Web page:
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John died August 6, 2008, in Maple Valley, Washington, at age 90. He was born in May 1918 in Spokane, WA. At age nine the family moved to Detroit. John went to high school in Detroit but attributes much of his physical conditioning to a YMCA camp where he worked in the summer. "The camp experience contributed greatly to my physical conditioning, so I was able to engage in track and cross country in high school and some running in college. Without this activity, I do not think I would have qualified for smokejumping." John was interested in electrical engineering from a young age and, after starting college in Michigan, he went to the University of Southern California. After his graduation in 1940, he went to work for Lockheed Aircraft before taking a position at Westinghouse in Pittsburg, PA. Due to religious reasons, he turned down a draft deferment as a critical worker and was sent to a Civilian Public Service Camp. Phil Stanley started the action to convince the powers that the CPS men would be an excellent resource for the smokejumper program that was threaten by the lack of manpower. John was among the first selected to the initial 1943 program and jumped all three years of the program. Following his discharge, he returned to Southern California and began work with the Edison Company. He moved to Polson, MT in 1947 where he continued his work and then followed a move to Hungry Horse where he was active in the Methodist Church. John worked on the construction of the Hungry Horse Dam and retired from the Bureau of Reclamation in 1981. John was ahead of his time being an early advocate of organic gardening, composting and solar power. He built and drove an electric car in the 1970s.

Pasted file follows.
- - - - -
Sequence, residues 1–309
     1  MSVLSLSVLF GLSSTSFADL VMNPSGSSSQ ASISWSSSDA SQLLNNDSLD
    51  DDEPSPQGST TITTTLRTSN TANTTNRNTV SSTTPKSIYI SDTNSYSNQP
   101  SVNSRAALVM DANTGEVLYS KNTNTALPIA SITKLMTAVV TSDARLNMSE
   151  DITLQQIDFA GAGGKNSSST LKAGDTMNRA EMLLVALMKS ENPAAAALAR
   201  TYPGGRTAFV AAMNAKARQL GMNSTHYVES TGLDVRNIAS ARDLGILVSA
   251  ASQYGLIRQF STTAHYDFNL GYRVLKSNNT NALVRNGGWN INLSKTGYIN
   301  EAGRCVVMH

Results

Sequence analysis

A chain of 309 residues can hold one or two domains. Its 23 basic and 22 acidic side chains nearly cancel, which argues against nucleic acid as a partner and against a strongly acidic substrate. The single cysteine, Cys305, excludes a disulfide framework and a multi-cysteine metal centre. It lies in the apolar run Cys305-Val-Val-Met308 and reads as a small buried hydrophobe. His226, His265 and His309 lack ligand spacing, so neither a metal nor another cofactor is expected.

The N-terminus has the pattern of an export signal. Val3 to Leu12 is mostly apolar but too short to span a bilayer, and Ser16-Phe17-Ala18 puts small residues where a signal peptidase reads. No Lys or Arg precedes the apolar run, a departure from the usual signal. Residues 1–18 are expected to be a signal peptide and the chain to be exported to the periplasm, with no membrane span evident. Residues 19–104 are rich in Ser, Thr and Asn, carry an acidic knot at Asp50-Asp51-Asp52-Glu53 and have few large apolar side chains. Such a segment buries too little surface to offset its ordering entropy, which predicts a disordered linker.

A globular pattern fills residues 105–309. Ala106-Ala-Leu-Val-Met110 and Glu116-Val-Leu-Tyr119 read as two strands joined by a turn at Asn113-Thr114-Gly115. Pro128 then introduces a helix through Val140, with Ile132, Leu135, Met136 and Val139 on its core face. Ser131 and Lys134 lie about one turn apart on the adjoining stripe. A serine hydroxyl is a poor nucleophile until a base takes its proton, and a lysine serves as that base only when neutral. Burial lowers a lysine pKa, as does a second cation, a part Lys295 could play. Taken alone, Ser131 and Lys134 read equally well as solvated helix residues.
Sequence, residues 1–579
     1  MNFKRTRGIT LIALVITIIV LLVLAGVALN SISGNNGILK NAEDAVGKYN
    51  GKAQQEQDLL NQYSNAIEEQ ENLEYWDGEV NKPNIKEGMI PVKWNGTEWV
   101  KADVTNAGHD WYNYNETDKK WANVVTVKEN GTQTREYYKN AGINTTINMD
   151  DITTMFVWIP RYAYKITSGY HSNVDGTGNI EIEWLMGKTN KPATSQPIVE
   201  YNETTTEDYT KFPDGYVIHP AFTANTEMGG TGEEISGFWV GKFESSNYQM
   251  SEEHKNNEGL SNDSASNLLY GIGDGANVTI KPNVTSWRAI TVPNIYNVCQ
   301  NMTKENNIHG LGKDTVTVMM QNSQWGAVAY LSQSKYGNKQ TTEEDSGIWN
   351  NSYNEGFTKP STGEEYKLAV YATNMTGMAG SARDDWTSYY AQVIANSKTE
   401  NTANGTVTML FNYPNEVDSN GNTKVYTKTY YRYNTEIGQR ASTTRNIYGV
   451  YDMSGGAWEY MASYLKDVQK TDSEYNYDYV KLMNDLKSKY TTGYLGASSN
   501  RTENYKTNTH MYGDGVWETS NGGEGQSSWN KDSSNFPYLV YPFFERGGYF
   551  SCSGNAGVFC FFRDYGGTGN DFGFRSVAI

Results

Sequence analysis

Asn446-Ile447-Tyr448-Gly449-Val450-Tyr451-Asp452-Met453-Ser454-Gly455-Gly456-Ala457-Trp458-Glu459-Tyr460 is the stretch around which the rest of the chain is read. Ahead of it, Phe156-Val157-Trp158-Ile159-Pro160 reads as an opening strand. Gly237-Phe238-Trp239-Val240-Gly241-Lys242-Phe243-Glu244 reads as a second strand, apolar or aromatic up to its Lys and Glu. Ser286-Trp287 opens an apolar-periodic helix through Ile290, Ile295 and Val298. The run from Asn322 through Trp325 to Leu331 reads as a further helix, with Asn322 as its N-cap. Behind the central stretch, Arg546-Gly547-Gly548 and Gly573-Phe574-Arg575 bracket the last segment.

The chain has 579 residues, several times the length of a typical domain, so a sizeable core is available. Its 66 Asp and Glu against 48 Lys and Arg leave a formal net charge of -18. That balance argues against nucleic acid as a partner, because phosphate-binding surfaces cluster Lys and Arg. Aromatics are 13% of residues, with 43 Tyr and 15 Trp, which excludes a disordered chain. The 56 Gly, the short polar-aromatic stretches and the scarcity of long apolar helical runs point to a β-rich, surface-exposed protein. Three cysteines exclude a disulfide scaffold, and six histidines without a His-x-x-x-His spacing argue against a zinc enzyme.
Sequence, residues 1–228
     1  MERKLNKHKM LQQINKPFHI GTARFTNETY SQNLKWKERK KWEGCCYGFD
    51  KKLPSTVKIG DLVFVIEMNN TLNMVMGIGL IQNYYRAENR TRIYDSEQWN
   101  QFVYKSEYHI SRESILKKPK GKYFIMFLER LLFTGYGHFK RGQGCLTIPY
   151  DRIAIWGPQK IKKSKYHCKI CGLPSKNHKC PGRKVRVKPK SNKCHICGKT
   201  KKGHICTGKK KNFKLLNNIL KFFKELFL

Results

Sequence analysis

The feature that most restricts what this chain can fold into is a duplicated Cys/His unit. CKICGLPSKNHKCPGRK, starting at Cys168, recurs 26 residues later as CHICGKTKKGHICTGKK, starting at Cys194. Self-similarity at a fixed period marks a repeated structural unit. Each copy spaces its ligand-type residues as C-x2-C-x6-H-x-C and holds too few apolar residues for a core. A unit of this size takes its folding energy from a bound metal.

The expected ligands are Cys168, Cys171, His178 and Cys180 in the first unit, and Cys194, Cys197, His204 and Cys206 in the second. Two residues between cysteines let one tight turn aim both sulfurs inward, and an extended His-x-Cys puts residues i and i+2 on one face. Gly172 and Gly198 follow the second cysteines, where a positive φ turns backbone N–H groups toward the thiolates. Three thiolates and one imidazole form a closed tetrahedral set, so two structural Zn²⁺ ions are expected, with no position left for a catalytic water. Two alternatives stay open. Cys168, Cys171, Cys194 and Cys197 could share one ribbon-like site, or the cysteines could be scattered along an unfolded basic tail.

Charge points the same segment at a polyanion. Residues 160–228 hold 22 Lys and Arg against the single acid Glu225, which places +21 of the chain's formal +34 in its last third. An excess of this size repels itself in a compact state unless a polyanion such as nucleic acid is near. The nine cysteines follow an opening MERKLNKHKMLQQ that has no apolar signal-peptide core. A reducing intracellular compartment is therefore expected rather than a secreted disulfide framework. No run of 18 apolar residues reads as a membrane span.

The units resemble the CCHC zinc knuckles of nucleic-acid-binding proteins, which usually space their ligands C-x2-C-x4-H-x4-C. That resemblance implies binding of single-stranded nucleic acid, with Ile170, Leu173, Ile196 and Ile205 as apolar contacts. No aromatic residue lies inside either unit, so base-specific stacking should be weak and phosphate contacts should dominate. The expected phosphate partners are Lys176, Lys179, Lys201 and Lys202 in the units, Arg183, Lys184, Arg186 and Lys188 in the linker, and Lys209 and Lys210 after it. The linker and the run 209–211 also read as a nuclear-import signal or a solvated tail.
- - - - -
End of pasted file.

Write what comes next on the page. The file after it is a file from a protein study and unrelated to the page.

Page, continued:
Smokejumping; Smokejumpers -- United States; National Smokejumper Association; Wildfire fighters; Obituaries
National Smokejumper Association, "Smokejumper Obituary: Ainsworth, John L. (Missoula 1943)" (2008). Smokejumper Obituaries. 1010.